In focusing on the establishment’s efforts to use the Titanic disaster to knock back the suffrage movement, Thomas Laqueur neglects its continual efforts to water down the rules for safety at sea (LRB, 24 January). He mentions the slovenly Board of Trade’s failure to apply load line legislation to vessels above a certain weight, but not that the directors of the White Star Line had reduced the number of lifeboats on the liner to just half the figure provided for by the ship’s designer. W.T. Stead, editor of the Review of Reviews, died in the sinking. He had been campaigning on the issue since 1886. The crew of the Olympic mutinied for the replacement of the missing lifeboats prior to its hurried dispatch to sea as the Titanic’s substitute. They won their case in just two weeks.
In her witty response to my piece about Eliza Haywood Norma Clarke cites the troubles of wily Ralph Griffiths, an expert in getting himself arrested for seditious – also, Clarke notes, obscene – libel, and then in getting off (Letters, 24 January). The difference is that Griffiths’s Ascanius came out just months after Culloden, when the ministry was still paranoid about Jacobitism, and sold alarmingly well: 1750 copies in a few weeks, said Griffiths’s printer. Haywood was late to the game with the Goring pamphlet, and her pamphlet stayed on the shelf.
As time went by, it became increasingly hard for publicity-hungry authors to get prosecuted for seditious libel, not least because, as the authorities had known since Defoe in 1703 or even William Prynne in 1637, conviction could backfire badly. Except in really prominent cases, quiet harassment was a better way to keep the lid on things. In 1755-57, John Shebbeare had to bring out five increasingly strident Jacobite pamphlets before finally forcing prosecution with an over the top sixth pamphlet. Handbills fêting ‘the British champion’ were distributed around the pillory at Charing Cross; Shebbeare lounged at ease on the scaffold, shielded from the sun by a parasol, surrounded by cheering spectators.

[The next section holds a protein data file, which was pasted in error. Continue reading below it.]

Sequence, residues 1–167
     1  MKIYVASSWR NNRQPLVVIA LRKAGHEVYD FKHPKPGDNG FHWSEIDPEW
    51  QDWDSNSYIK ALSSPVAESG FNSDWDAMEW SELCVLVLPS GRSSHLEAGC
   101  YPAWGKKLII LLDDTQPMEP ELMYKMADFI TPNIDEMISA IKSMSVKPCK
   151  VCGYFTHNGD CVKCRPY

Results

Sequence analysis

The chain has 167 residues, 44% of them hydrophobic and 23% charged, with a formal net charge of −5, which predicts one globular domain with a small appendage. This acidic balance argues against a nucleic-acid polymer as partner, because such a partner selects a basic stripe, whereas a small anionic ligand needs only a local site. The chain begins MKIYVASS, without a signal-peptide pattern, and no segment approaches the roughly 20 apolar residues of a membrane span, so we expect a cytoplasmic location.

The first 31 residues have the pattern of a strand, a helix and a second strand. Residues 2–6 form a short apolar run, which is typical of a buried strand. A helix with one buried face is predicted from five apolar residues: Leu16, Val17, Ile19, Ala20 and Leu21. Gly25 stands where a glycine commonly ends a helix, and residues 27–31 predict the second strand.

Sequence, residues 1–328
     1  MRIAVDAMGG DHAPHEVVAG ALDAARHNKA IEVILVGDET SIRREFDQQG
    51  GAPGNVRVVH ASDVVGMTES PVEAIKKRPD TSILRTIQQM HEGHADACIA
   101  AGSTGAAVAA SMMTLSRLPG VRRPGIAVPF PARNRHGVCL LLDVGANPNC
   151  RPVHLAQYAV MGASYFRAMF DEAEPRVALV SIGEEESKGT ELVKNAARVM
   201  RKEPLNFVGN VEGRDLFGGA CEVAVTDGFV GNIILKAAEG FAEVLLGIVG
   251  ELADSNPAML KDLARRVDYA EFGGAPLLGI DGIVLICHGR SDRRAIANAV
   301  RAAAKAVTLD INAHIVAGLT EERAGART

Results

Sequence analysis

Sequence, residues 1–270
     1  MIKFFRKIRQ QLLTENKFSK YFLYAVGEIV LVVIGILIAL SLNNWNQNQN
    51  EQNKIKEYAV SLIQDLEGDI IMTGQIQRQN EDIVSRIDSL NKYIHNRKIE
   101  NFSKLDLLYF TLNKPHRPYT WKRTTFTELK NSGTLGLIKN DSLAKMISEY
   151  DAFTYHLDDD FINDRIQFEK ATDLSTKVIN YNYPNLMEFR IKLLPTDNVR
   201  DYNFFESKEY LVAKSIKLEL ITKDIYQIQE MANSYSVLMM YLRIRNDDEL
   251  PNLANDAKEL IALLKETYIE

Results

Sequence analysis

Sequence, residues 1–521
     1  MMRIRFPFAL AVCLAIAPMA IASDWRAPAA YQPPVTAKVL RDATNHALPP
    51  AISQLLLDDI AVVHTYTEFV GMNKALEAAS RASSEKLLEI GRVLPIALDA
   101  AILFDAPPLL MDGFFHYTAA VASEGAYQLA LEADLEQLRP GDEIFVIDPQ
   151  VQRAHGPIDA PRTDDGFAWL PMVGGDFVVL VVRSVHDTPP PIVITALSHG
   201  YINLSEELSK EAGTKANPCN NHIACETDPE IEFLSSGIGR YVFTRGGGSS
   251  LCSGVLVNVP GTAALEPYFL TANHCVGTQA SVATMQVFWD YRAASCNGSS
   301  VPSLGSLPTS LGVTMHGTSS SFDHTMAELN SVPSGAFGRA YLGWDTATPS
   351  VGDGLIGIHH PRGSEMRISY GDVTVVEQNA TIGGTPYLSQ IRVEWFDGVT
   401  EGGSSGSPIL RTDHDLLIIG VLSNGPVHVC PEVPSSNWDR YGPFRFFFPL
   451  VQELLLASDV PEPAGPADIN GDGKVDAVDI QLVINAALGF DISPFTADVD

Helena Kennedy and Philippe Sands (LRB, 3 January) and Stephen Sedley (LRB, 24 January) defend the role and relevance, subject to possible specific reforms, of the European Convention on Human Rights (ECHR), and deprecate the need for a UK Bill of Rights, in the one case expressly and in the other by implication. Far be it from me to devalue the pan-European function of the Convention and its court in defining and protecting our rights, still less do I wish to associate myself with the growing chorus of those, including our Eurosceptic politicians, who advocate the ‘repatriation’ of rights as a stepping-stone to their curtailment or, worse, abrogation.
At the same time, I believe it would be wrong to overlook the significance of the pioneering work done by our own human rights activists on a piecemeal basis, sometimes building on the more enlightened strains of English common law or on statute, to advance rights in Britain ahead of European initiatives. Take the right to life protected by Article 2 of the ECHR. The ECHR is hedged round with qualifications; the original 1950 Article 2 contained an exception for ‘lawful executions’. It was this which gave David Maxwell Fyfe (a prime mover of the original ECHR), as home secretary in 1953, licence to refuse a reprieve of the death sentence on Derek Bentley for the murder of PC Miles, against the advice of his two senior civil servants and the jury’s recommendation of mercy, and in the face of a public outcry. So much for the ‘minimum standard of democratic conduct’ which he had claimed for the ECHR. (Bentley’s conviction was ultimately quashed by the Court of Appeal in 1998.) It was not until 1983 that Protocol 6 abolished the death penalty in peacetime without qualification and until 2002 when Protocol 13 abolished it in all circumstances, thus for the first time in history giving capital punishment its quietus throughout Europe.